Five things you didn't know about your penis
3. Your penis is shaped like a boomerang
Your penis is shaped like a boomerang. Just like you don't see all of a big oak tree above ground, you don't see the root of your penis tucked up inside your pelvis and attached to your pubic bone.
In an MRI picture, the penis looks distinctly boomerang-like, as noted by a French researcher who studied men and women having sex inside an MRI scanner.
One method of surgical "penis enlargement" is to cut the ligament that holds the root of the penis up inside the pelvis. This operation may give some men a little extra length if more of the penis protrudes from the body, but there are side effects. This ligament, called the suspensory ligament, makes an erection sturdy. With that ligament cut, the erect penis loses its upward angle and it wobbles at the base. The lack of sturdiness can lead to injury.
4. You can break your penis
There is no "penis bone," but you can break your penis all the same. It's called penile fracture, and it's not a subtle injury. When it happens, there's an audible pop or snap. Then the penis turns black and blue. And there's terrible pain – and some explaining to do in A&E.
Penile fracture is rare, and it typically happens to younger men because their erections tend to be quite rigid.
Here's how to avoid penile fracture - don't use your penis too roughly. A common way that penile fracture happens is when a man is thrusting too hard and fast during sex, and slams into his partner's pubic bone. Also, a woman who moves wildly while on top of a man during sex can break a man's penis.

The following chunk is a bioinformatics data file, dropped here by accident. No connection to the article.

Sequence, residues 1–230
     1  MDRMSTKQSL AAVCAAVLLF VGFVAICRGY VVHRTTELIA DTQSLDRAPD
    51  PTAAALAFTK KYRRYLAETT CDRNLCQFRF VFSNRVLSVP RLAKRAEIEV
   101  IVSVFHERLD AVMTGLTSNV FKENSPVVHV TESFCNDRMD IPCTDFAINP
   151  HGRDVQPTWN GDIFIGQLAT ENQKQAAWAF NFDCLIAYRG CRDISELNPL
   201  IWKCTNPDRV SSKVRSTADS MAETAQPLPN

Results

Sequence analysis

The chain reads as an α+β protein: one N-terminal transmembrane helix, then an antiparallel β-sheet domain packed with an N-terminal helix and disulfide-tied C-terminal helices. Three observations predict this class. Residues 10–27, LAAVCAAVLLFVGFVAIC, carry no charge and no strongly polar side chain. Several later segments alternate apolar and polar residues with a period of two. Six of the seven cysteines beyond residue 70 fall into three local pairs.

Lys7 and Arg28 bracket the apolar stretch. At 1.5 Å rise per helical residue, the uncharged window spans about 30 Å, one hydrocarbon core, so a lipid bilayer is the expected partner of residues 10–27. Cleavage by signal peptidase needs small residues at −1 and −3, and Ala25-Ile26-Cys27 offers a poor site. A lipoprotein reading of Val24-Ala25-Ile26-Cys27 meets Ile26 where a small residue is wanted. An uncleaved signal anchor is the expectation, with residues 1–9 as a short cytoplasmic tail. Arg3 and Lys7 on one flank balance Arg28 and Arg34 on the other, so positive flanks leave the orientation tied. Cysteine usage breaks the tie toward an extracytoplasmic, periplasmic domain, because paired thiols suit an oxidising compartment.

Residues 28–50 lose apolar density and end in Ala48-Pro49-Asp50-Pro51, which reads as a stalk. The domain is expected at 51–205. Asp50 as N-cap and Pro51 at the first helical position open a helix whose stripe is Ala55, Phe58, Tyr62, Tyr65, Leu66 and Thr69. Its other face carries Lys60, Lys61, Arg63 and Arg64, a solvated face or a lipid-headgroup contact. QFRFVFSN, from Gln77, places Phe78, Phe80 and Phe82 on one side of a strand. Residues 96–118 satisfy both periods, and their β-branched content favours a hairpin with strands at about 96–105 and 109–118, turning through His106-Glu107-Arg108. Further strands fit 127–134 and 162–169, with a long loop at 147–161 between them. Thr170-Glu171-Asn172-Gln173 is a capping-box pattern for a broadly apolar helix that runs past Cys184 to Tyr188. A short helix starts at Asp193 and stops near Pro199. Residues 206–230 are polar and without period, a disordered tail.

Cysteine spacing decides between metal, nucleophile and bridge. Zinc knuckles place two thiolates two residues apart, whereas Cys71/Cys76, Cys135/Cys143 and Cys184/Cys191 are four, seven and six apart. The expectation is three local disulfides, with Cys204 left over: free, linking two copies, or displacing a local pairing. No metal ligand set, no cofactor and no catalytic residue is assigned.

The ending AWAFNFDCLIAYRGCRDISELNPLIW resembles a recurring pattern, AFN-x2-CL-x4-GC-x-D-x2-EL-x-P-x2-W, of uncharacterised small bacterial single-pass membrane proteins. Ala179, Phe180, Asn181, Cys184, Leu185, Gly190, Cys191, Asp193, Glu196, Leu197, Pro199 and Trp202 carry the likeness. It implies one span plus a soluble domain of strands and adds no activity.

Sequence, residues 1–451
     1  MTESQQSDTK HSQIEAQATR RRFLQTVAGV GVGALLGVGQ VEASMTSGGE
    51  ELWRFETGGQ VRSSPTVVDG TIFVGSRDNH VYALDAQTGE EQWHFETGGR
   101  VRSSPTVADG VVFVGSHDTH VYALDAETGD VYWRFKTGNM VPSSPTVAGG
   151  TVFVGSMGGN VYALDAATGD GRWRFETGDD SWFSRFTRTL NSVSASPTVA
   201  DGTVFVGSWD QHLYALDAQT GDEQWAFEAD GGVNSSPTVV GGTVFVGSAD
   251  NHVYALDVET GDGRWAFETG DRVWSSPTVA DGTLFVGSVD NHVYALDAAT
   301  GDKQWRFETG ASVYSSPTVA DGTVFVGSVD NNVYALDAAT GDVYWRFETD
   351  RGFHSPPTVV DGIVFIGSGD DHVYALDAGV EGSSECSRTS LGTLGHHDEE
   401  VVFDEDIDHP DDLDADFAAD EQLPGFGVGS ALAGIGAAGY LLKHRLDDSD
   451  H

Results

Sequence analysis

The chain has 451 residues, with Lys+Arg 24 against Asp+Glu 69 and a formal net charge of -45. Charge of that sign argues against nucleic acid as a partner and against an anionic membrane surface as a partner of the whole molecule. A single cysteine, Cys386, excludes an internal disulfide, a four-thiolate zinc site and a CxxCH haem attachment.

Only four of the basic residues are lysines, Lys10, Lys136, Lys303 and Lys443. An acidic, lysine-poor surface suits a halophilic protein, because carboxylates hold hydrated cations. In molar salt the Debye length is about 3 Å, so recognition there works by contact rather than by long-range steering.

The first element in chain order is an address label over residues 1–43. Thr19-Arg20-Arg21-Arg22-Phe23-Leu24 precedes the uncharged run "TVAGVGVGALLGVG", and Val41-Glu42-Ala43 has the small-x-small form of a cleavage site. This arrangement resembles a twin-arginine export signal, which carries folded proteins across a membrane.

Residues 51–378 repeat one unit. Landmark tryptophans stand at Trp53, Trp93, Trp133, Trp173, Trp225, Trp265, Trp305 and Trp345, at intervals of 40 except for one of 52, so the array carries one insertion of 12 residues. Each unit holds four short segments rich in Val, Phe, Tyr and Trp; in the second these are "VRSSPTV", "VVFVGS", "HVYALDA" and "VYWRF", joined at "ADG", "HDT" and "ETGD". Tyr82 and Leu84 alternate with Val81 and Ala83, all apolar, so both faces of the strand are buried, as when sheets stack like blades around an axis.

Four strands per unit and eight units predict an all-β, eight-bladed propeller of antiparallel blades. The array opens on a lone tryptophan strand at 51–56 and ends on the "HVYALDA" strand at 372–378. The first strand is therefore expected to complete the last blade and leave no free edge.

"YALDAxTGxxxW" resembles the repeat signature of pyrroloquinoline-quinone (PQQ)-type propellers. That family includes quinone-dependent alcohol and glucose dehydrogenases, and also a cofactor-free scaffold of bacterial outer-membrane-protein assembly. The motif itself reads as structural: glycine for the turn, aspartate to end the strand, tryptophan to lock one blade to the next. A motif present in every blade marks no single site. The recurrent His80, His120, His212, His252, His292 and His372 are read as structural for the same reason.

Peyronie's syndrome is a related condition that tends to show up more in older men. An older man's erection may not be as rigid, but still is hard enough for sex. Over time, if the penis bends too much a certain way during sex, small tears in the tissue can form scars, and the accumulated scar tissue gives the penis an abnormally curved shape.
Not all penis curvature is a problem, however. Experts say there is a lot of variability about what is normal.
No. 5: Most penises in the world are not circumcised
Circumcision is far less common in the UK than other parts of the world. A report by the World Health Organization (WHO) and the Joint United Nations Programme on HIV/AIDS (UNAIDS) estimates that worldwide only 30% of males aged 15 and over are circumcised.
It is usually carried out for religious or cultural reasons. In the UK, circumcision is only carried out on the NHS in cases where it is medically necessary.
There is some evidence that circumcision may have health benefits, including a decreased risk of urinary tract infections, some sexually transmitted infections, penile cancer and even prostate cancer.